English Language Revision.



Skinner.- Argued that children learn language based on behaviorist reinforcement principles by associating words with meanings. Correct utterances are positively reinforced when the child realizes the communicative value of words and phrases.

Piaget.- According to Piaget's theory, all children develop cognitive abilities such as language in four stages: Sensorimotor, Preoperational, Concrete Operational, Formal Operational.

Vygotsky.-Psychologist Lev Vygotsky believed that children's sociocultural environment plays an important role in how they develop cognitively. In Vygotsky's view, the acquisition of language is a crucial part of cognitive development

Tomasello.- Argues that children come to the process of language acquisition, at around one year of age, equipped with two sets of cognitive skills, both evolved for other, more general functions. 

Chomsky.- Argues that a hypothetical tool in the brain helps children to quickly learn and understand language. LAD = Language Acquisition Device.

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Stages of Child Language Development.

The Prelinguistic stage.- Such as 'Mamamama'.

The Holophrase or One-Word sentence.- Such as 'Dada'.

The Two-Word sentence.- Such as 'Doggy big'.

Multiple-Word sentences.- Such as 'I catched it'.

More complex grammatical structures.- Such as 'Take me to the shop'.

Adult-like language structures.- Such as 'He promised to help her'.

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Groups of sounds ordered developmentally.

Early 8: By age 3 years.

  • M, b, j (y), n, w, d, p, h.

Middle 8: By age 4-5.

  • T, ng, k, g, f, v, ch, j, dz.

Late 8: Age 6.

  • Sh, Th, s, z, l, r, zh.

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Phonological Simplification.

Substitution.- The process of swapping one sound for another.

Assimilation.- One consonant or vowel is swapped for another.

Deletion.- Omitting a particular sound within a word.

Consonant Cluster Reductions.- Reducing phonologically more complex units into simpler ones.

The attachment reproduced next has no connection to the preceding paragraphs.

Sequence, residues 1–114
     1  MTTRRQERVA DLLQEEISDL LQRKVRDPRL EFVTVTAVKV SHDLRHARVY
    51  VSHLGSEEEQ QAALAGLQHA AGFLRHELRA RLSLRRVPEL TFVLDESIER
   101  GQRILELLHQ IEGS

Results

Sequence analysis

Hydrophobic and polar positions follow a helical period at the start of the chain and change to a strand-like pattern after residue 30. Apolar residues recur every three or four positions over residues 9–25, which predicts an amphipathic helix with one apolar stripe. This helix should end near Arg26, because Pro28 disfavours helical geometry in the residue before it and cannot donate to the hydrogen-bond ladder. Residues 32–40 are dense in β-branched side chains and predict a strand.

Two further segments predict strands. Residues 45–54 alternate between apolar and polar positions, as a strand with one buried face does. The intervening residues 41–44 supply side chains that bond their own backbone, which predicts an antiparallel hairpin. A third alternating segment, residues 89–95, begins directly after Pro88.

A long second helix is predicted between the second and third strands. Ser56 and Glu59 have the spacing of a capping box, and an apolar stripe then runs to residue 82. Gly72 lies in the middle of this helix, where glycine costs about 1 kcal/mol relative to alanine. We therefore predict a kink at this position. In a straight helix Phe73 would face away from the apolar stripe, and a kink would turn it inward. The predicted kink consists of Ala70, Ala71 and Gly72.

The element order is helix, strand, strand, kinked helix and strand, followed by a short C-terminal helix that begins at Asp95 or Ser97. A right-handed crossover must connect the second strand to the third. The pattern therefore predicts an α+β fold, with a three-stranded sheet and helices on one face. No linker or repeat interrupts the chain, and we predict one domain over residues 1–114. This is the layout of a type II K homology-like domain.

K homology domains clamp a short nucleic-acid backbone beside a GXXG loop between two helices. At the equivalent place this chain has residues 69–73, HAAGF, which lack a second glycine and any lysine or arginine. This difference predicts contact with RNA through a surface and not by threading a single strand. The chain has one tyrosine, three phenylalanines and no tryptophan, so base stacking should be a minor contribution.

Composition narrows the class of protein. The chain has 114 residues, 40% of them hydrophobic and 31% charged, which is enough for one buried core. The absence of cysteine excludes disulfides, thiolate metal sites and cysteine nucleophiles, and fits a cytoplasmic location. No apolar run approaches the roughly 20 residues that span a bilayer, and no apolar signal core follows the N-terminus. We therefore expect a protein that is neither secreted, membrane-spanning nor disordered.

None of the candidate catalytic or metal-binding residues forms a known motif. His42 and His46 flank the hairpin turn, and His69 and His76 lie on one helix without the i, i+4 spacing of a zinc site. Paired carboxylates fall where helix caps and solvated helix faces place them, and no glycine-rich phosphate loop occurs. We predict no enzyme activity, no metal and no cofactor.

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Phonological Simplification Continued.

  1. Plosives appear earlier than Fricatives.

  2. Articulatory Ease/ Perceptual Discriminability.

  3. Reduplicated words, such as ‘Moo Moo’ for cow.

  4. Caregivers use diminutives, adding ‘ie’ to make reduce the scale of the object, adding a suffix, phonologically easier and appealing.

  5. Process of phonological simplification.

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Caregiver and Child interactions.

Extract 1:
C: who did you go with

A: um with Richard and a (.) those (.) and um (.) we have a nice time with Richard and Sa um no Sarah there

C: were they

A: no Sarah there

C: was she

A: no

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Caregiver and Child interactions 2.

Extract 2:
C: did you go to the beach

A: yes

C: yes (.) what was it like

A: um cloudy [unclear]

C: was it cloudy

A: no cold

C: ah cold

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Caregiver and Child interactions 3.

Extract 3:
C: what do you do if it’s too hot

A: blow it

C: you blow it

A: wake up Danny up

C: go on then…

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Bound Morph.- A morph that can't stand alone as a word.

Free Morph.- A morph that can stand alone as a word.


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Roger Brown.- Theorist.

Roger Brown 1973

Five Stages of development that focused on a child’s grammatical development in terms of morphology and syntax.

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Ursula Belugi 1.

Ursula Bellugi 1971

Three Stages of Pronoun Acquisition


Stage 1 – name used rather than pronoun.

Stage 2 – can tell the difference between I left him and he left me (object/subject/pronoun order)

Stage 3 – Correct application of subject and object pronouns

I love you Thomas

You love me Mummy

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Ursula Belugi 2.

Ursula Bellugi 1966

Negative Acquisition

Stage 1

Negative word at beginning

Stage 2  

Negative word moves about

Stage 3

Child masters auxiliary and copula verbs

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Ursula Belugi 3.

Ursula Bellugi 1966

Question Acquisition


Stage 1

Rising intonation mimicked – first single words then multiple words.

Stage 2

Inversion of auxiliary verbs

Stage 3

Formulaic ‘wh’ question words with auxiliaries

Stage 4

Using tag questions  


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Verb Types.

Copula verb.– Verb that joins a subject to an adjective.

Auxiliary verbs.– Helper verbs for main verb.

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